For many schools different software packages have been cobbled together to do different tasks. A School Management System really needs to be a one stop shop, integrating different features within the school. A prime requirement is to find a system which can replace different applications as seamlessly as possible. However, it also needs to be user-friendly so that even the most Luddite teacher can use it. It should be secure, and meet privacy requirements. This is a tall order, and might explain why levels of satisfaction with an SMS often fall after the honeymoon starts to wear off.

Engage manages to be both a user-friendly and a feature rich package which includes Accounts, Fees, Administration and Learning Management Systems. In presentations which whip through everything any software has to offer I have to admit to a certain inattention. It is all a bit bewildering. At this Conference we have a software developer from the UK skyping us on the big screen walking us through using the gradebook. What strikes me the most is the necessity of great flexibility to suit every school’s way of doing things. Schools are such wonderfully idiosyncratic places! In discussions over lunch we talk about the timetabling module. Each school has a different set of criteria. I feel for the software developers, having to try to satisfy so many different needs.

I am crucially aware of what awaits me trying to sell the changes to my staff, who are used to doing things on other systems. I have a feeling I will have my work cut out for me.


Ed tech is good for kids. Except when it isn’t.

Ed tech is good for kids. Except when it isn’t.

History Tech

Some things just don’t make sense when we first try wrapping our heads around them. The balloon should move backwards like everything else in the car. Working together to solve a problem makes sense. Chilling water at 150 degrees to 32 degrees should be harder to do than chilling water that starts at 75 degrees.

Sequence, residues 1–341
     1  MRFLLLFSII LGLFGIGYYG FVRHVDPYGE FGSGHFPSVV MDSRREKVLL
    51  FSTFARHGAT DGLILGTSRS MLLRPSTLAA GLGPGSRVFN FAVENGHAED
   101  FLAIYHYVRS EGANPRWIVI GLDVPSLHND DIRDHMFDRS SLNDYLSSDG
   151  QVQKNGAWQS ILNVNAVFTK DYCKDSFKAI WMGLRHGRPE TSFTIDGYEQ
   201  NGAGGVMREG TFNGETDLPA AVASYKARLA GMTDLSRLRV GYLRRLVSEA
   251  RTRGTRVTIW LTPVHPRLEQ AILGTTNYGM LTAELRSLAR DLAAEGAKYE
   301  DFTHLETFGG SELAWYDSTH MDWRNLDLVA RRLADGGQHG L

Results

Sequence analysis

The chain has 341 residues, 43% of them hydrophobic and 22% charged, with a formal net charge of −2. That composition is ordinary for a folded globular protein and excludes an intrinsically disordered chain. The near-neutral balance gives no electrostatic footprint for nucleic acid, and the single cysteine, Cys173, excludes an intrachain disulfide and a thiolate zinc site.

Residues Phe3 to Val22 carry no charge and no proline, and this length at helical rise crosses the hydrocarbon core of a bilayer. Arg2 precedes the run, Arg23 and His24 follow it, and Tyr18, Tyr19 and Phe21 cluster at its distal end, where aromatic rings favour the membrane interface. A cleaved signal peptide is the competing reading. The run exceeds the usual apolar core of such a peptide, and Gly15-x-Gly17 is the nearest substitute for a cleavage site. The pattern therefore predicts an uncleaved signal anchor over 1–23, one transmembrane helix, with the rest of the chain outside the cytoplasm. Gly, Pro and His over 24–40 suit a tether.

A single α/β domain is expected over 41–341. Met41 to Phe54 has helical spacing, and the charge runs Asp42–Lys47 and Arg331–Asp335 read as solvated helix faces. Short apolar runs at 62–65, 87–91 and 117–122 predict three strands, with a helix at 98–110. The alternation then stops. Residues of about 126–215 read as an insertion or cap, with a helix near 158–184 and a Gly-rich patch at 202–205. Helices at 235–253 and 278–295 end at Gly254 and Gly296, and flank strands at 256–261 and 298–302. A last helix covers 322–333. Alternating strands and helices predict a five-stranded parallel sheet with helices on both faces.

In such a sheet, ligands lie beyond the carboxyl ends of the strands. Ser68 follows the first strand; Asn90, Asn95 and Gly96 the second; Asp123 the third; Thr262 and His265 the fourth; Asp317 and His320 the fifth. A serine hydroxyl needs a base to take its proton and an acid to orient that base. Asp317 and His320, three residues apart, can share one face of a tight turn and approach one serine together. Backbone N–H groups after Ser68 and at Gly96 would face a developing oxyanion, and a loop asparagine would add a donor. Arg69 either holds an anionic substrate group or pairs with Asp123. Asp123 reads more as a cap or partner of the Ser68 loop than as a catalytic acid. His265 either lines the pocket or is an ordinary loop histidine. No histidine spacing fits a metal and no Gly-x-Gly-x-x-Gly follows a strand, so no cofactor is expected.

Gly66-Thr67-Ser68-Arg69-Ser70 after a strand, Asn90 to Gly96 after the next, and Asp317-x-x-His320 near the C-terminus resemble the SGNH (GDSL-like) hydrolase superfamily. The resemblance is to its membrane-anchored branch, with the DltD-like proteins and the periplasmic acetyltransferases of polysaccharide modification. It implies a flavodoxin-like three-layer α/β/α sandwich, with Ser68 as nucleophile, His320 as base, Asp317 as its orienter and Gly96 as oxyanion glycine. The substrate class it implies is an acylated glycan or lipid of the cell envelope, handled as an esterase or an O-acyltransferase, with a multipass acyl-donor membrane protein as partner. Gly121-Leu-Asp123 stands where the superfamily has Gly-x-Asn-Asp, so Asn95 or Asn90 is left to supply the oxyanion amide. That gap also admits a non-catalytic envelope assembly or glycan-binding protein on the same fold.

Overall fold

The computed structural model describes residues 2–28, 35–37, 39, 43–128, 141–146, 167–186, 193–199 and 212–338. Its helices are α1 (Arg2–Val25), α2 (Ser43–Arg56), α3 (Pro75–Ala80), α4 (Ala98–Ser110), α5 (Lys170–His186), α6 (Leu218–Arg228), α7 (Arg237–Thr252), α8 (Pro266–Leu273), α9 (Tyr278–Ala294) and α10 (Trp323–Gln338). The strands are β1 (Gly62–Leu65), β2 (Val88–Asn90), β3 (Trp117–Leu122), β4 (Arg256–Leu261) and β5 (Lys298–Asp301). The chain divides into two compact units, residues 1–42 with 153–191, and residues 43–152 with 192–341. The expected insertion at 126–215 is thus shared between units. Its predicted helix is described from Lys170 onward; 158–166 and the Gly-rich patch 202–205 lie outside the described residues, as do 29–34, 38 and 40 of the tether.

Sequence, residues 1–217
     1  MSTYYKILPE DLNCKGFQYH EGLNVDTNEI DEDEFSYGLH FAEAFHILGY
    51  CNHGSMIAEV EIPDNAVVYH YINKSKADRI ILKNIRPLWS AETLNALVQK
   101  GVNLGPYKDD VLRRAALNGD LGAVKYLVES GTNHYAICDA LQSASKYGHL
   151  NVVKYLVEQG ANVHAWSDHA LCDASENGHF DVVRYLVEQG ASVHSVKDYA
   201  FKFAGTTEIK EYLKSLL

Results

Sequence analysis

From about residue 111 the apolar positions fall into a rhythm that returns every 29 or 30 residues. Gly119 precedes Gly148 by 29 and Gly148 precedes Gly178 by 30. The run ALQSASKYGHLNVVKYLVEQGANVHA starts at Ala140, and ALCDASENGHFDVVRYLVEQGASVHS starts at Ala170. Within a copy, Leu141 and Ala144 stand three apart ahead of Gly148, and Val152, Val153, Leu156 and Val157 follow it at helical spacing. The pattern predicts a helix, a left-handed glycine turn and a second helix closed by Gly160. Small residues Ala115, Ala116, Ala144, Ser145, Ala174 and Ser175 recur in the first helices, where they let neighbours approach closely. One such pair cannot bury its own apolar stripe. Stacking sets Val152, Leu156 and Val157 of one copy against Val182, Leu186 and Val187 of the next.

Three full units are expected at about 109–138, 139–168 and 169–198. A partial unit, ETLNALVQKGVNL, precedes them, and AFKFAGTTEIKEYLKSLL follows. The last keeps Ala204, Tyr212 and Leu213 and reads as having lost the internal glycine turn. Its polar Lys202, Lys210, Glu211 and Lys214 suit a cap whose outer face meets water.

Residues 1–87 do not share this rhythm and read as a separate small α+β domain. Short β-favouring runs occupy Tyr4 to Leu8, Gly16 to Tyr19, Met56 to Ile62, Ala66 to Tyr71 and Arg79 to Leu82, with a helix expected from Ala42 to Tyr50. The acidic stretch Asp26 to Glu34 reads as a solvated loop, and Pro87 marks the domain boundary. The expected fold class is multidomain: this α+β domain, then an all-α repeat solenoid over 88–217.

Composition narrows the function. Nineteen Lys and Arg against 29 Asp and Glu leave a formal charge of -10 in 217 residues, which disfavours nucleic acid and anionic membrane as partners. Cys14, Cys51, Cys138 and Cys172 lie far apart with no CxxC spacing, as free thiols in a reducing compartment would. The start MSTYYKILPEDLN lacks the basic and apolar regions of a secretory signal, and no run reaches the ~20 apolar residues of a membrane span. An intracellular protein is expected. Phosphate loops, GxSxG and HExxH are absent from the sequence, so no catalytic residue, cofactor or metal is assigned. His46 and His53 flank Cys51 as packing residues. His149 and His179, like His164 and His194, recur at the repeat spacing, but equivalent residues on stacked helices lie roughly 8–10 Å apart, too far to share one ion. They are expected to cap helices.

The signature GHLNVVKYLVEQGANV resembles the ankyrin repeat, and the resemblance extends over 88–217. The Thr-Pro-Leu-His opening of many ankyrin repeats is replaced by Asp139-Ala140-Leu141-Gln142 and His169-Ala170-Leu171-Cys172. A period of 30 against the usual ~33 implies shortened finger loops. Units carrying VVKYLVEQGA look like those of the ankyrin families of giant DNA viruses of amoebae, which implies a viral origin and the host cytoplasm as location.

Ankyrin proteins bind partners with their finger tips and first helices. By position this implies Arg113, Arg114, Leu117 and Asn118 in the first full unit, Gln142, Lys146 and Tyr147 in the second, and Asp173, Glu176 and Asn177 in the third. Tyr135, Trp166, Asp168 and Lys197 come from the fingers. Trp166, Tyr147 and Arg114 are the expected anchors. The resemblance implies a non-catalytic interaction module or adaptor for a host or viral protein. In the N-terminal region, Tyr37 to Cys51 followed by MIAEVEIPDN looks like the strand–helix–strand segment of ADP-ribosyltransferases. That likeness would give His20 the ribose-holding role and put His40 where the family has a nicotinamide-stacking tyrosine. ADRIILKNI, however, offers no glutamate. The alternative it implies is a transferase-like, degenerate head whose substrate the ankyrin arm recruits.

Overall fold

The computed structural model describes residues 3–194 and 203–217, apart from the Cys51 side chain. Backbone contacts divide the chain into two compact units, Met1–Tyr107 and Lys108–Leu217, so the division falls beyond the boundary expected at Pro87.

Only it’s not.

How about this one?

  • Ed tech is good for kids. Except when it’s not.

The whole point of History Tech is focused on finding ways to integrate technology into social studies best practices. Ed tech is a good thing. Ed tech can be used to support data collection and analysis, critical thinking, collaboration, problem solving, communication. It’s a good thing.

Except when it’s not.

Recent research seems to suggest that…

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Posted by on September 23, 2016 in Uncategorized


Making a Database in Moodle

educational research techniques

For those of us who are not tech-savvy, the idea of making a database can sound very intimidating. However, a database is not as mysterious or difficult to create as you may think.

A database is strictly is just an organized way of collecting and storing records. If you ever made a list of your CD or book collection this is in many ways a highly simplified database.

Moodle allows a teacher to create a database to allow students to upload and or share information for whatever purpose. The secret to developing a database is to know what information you want it to store. After this, you just select the fields in Moodle to complete the database.

This post will explain how to develop a database in Moodle based on particular needs. We will make a database that stores information about Asian food.

  1. After logging into Moodle you need to…

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Posted by on September 15, 2016 in Uncategorized